True, wireless charging doesn’t require an electrical outlet and reduces wear on mobile devices since it doesn’t use a USB or Lightning connector/port for power charging. Also, with no ports, devices are virtually waterproof and dustproof with better data security.

With Qi, wireless charging is standardized (i.e., one charging pad charges all your devices) across all compatible products. And your phone can serve as a charging station to charge other devices without a cable.

Realize too that you’ll need earphones for calls while your phone recharges since your device needs to be in contact with the charger or charging device.

But beyond the need to upgrade incompatible devices and the obligatory removal of protective device covers during charging, the main downfall of (reverse) wireless chargingwith current (pun intended) technologyis the amount of time charging takes to complete.

Wireless charging is less efficient than loading power via a cord and so takes at least twice as long to fully charge a device. As a result, both types of wireless charging require more “juice” to replenish a device’s battery.

Too, one trades one risk for another between (reverse) wireless and wired charging. While wireless charging eliminates cords and thus trip hazards and related incidents, it also introduces the possibility of overheating the device’s battery, which can lead to premature or accelerated battery degradation.

Finally, there’s the question of cost. Beyond the extra power wireless charging uses compared to wired charging, wireless charging pads cost more than a USB or Lightning cable. For example, on Amazon, a USB power cable usually costs well under $10. But most wireless charging pads list for over $20 or $30; one model (the Belkin Dual Wireless Charger) sells for $49.95.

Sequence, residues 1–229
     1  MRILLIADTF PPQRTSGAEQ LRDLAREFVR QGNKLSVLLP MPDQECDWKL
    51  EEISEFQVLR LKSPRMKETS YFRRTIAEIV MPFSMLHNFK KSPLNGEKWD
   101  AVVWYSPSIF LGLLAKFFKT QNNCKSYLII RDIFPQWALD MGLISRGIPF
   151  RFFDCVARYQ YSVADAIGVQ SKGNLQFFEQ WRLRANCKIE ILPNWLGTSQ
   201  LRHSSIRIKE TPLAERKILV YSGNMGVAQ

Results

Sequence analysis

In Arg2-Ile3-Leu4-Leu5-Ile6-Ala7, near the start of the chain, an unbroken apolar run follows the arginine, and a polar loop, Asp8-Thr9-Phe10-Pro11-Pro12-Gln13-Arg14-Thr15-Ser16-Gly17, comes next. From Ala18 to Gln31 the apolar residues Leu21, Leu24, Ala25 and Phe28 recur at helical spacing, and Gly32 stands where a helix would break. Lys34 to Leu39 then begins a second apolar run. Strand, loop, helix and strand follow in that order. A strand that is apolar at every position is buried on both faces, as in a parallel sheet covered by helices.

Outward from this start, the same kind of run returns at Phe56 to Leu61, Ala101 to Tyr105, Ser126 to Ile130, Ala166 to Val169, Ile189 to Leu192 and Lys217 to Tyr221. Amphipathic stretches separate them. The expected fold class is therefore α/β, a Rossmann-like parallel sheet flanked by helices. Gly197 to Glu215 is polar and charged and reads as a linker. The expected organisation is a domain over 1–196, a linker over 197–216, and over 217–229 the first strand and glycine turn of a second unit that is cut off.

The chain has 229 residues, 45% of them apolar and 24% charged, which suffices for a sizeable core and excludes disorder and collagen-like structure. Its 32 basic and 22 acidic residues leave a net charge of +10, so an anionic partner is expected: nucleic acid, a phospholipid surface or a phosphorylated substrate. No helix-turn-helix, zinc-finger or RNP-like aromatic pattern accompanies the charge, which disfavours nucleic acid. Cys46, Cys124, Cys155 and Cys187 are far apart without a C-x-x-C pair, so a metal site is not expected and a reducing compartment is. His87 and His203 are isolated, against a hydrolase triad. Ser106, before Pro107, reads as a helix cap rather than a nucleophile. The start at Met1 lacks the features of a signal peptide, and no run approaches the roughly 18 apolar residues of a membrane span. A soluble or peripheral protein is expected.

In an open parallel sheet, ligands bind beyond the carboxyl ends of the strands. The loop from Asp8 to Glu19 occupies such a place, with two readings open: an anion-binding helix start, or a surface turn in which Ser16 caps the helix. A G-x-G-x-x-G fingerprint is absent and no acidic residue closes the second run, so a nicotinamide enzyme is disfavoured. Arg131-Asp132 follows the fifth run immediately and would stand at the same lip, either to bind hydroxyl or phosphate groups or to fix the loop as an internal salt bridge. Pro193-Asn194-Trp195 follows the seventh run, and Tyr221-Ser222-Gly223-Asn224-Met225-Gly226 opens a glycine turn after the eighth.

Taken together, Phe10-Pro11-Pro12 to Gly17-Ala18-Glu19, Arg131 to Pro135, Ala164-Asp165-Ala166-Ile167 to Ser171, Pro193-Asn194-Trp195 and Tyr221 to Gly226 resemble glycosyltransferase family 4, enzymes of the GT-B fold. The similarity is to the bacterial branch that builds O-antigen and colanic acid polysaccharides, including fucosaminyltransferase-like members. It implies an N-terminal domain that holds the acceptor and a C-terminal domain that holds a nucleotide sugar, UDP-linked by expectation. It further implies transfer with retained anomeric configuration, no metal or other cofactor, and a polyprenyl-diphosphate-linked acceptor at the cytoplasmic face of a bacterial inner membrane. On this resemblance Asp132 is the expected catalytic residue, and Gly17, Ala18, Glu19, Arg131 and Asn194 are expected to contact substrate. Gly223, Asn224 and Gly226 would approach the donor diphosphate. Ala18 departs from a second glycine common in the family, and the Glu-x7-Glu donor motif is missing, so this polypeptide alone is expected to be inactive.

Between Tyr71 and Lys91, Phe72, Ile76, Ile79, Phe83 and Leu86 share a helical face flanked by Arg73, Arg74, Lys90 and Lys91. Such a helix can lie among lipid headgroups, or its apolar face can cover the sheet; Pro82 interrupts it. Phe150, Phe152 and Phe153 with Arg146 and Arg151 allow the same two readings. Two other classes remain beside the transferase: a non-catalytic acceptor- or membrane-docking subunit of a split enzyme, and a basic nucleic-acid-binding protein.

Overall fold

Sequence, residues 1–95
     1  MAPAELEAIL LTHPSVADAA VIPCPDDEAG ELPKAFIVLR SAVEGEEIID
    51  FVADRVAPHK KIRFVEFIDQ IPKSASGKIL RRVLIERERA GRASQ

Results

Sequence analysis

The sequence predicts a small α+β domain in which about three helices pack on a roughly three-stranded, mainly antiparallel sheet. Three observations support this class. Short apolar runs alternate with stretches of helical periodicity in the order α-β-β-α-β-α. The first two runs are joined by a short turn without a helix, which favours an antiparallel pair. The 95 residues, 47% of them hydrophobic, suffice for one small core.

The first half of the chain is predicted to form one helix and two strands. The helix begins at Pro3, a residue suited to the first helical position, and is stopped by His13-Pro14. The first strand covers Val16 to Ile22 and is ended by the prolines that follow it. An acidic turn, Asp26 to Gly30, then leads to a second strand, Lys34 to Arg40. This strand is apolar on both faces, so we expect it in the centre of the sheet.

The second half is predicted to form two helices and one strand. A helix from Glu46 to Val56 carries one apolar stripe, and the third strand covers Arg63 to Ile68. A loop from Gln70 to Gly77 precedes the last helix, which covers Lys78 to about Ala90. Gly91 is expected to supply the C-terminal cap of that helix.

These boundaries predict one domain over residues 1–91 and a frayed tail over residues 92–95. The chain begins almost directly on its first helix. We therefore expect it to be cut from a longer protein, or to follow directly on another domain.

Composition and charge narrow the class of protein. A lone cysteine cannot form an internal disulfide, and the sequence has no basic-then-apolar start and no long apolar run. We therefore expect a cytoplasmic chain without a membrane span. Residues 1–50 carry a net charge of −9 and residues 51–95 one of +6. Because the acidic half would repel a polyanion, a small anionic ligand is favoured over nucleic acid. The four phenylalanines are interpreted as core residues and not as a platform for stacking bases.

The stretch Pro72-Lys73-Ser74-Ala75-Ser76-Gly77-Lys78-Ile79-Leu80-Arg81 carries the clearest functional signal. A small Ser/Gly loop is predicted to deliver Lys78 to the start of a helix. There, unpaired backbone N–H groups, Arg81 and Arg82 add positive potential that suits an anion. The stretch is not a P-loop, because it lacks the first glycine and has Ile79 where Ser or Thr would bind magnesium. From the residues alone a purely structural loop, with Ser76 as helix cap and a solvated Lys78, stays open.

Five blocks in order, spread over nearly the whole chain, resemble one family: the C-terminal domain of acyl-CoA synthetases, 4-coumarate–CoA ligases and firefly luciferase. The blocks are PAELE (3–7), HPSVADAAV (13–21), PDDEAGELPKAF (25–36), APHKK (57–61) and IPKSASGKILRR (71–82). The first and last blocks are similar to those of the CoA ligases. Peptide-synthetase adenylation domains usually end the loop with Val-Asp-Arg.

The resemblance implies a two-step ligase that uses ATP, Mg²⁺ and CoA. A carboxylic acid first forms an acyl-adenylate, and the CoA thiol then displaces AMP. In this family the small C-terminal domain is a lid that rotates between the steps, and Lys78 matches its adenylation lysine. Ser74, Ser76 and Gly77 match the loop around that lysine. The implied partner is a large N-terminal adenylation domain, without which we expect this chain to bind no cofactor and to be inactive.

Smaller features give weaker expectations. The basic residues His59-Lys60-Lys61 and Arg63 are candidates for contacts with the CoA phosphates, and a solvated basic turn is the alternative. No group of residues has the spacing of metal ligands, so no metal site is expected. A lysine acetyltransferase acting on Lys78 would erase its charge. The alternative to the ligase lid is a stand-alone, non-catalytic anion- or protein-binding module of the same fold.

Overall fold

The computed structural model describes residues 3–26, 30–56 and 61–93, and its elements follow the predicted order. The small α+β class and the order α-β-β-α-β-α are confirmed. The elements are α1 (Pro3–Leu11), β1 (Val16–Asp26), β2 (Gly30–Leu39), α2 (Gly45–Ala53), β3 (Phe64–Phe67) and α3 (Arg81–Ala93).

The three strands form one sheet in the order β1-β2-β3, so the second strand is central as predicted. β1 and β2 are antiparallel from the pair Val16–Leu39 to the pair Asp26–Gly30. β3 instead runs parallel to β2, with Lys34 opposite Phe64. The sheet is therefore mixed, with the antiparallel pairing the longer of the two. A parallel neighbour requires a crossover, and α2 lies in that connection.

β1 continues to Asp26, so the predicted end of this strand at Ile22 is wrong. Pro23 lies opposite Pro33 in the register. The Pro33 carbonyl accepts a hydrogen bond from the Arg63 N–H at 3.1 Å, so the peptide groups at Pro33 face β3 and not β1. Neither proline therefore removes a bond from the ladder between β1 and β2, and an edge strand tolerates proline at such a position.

Power Share Drain Test

Watch Mike O’Brien demonstrate the feasibility of wirelessly charging various devices from phones with wireless charging capability: 

The video illustrates the inefficiency of reverse wireless charging. A rule of thumb for reverse wireless charging is the 2:5 power exchange ratio. In other words, for every 2% the receiving device gains, the transmitting device loses 5% power from its battery.

As the video demonstrates, smaller devices (such as earbuds or wearables) using relatively less power are better suited for reverse wireless charging than phones charged by other phones. The technology may work in a pinch but it’s not a practical, everyday solutionespecially for phones.


A technology that has the potential to eclipse reverse wireless charging is another type of wireless charging: Power over WiFi (PoWiFi). Popular Science named PoWiFi as part of its annual “Best of What’s New 2015” awards, hailing PoWiF as “one of the most innovative and game-changing technologies of the year.”

University of Washington engineers have created a camera that harvests energy from ambient WiFi radio waves. By utilizing unused WiFi or Bluetooth channels, a WiFi-enabled device (in this example, a camera) receives power from a modified standard router. Within 35 minutes, the camera amassed enough power to snap a photo.

In 2018, researchers at the Massachusetts Institute of Technology announced a breakthrough in “converting AC waveforms to DC voltage, combined with the use of new materials.” An IoT holy grail is to create devices that need no batteries, thus reducing size, costs and weight.

These new IoT sensors go far beyond conventional RFID chips, which have power limitationsmeaning they have severely reduced bandwidth and range.

Further development of these technologies, of course, will be needed to make PoWiFi a practical option. But if the process can be accomplished without giving us cancer or sunburns, another functional form of wireless power transfer will have been achieved.